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The business-side of medical negligence

medical negligenceSome legal claims are based on hard and fast financial figures. When it comes to medical negligence a degree of sensitivity comes into play; while legal teams might be attempting to get high payouts for their clients, nobody is forgetting that this follows an immense amount of pain for those concerned.

As such, the business-side of it can become somewhat ignored. It’s for this reason that we have put together this page, which takes a look at just how this element of medicine impacts the industry and those professionals that are involved in the cases.

Billions of pounds change hands every day – and there’s every chance that these figures are going to grow. According to The Medical Negligence Experts, the amount of cases that they are receiving is constantly on the rise and this suggests that this industry is showing no signs of slowing down.

Some hospitals have paid out almost £80m

To put the scale of this industry into perspective, it’s worth taking a look at some of the figures that some hospitals have paid out. Note that these sums are just arising from individual hospitals and suffice to say, there are many around.

If we cast our mind back to statistics from 2009/10 to 2013/14, Barking, Havering and Redbridge University Hospitals were involved in 463 claims which resulted in payouts amounting to £79m.

Other hospitals weren’t too far behind these numbers either. For example, the Leeds Teaching Hospitals paid out £78.3m, while the Oxford University Hospitals paid just over £75m.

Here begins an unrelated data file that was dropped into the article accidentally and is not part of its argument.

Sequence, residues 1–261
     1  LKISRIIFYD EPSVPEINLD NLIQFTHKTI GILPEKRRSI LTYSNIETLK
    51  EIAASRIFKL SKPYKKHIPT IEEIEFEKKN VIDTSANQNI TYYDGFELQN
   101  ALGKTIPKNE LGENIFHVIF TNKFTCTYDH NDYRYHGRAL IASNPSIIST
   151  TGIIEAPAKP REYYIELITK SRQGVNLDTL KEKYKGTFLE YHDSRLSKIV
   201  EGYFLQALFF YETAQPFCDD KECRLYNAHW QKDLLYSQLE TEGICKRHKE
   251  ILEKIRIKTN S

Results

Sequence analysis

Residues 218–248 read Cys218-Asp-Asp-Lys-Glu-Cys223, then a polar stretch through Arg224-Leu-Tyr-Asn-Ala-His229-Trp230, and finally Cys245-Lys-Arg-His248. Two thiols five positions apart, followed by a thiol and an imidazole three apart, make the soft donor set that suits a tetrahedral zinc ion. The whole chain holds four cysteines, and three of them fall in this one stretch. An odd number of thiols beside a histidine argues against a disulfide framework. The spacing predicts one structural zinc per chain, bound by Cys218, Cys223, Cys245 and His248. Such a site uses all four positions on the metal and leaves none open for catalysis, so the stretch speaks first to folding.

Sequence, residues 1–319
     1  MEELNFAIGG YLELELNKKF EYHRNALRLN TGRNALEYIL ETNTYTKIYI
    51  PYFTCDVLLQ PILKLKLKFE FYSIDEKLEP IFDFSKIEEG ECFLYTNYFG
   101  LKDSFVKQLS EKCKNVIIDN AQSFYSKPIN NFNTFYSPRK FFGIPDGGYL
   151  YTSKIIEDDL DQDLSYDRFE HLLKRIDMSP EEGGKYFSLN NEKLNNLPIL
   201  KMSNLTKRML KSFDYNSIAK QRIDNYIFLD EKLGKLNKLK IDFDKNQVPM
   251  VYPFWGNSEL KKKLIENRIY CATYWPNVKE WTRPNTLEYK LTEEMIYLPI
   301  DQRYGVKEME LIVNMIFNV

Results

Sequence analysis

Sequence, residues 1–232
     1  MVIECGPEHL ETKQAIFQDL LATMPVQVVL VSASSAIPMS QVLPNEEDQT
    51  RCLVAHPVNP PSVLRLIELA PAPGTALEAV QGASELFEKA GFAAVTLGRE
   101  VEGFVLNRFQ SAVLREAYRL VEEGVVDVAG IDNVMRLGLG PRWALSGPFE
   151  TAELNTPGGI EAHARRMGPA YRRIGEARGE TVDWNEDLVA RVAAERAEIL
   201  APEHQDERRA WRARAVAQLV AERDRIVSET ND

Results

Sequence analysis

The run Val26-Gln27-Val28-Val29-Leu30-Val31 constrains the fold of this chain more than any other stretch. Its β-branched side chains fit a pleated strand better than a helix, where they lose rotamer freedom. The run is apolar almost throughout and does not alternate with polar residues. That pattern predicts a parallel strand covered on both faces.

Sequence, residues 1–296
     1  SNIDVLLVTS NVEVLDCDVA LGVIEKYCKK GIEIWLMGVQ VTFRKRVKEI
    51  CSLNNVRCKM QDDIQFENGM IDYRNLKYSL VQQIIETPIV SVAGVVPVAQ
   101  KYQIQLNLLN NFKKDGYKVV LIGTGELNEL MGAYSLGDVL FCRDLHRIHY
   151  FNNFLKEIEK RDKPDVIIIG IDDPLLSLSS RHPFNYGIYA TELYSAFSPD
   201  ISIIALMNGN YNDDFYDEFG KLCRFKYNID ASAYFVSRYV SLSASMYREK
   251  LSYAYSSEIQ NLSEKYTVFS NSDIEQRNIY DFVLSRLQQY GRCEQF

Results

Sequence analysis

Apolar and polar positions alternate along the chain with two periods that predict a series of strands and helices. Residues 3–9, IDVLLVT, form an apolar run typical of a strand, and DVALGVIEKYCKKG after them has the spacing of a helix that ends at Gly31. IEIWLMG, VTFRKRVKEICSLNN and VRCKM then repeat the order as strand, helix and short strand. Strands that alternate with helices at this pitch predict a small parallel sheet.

Some law firms have earned over £100m

This next section will most definitely raise a few eyebrows. A lot of the statistics released in relation to medical negligence relate to individual claims, but the law firms involved in some of these cases are profiting immensely as well.

For example, if we look at the same timeframe, one firm pocketed over £107m from damages and costs. Elsewhere, another benefited in the tune of £75m, while there were countless others that received fees that surpassed the £30m mark.

Perhaps one of the most interesting elements of this discussion relates to the proportion of costs that the law firm receives. For example, there was one case involving a patient who received £11,800 in damages, but the costs to the lawyers amounted to £175,000. Lawyers argue that this is because the NHS tend to defend most of their claims, which results in a more drawn-out process.

The government is looking to cap payouts

Following on from the above, it probably won’t come as a surprise to hear that the government are attempting to intervene and make these costs more manageable.

The government are attempting to cap costs to £100,000, which would naturally have a huge impact on the amount that law firms are able to receive. Another suggestion is to cap the proportion of legal costs in relation to the damages. It’s understood that by carrying out suggestions like this, it could save around £80m every year.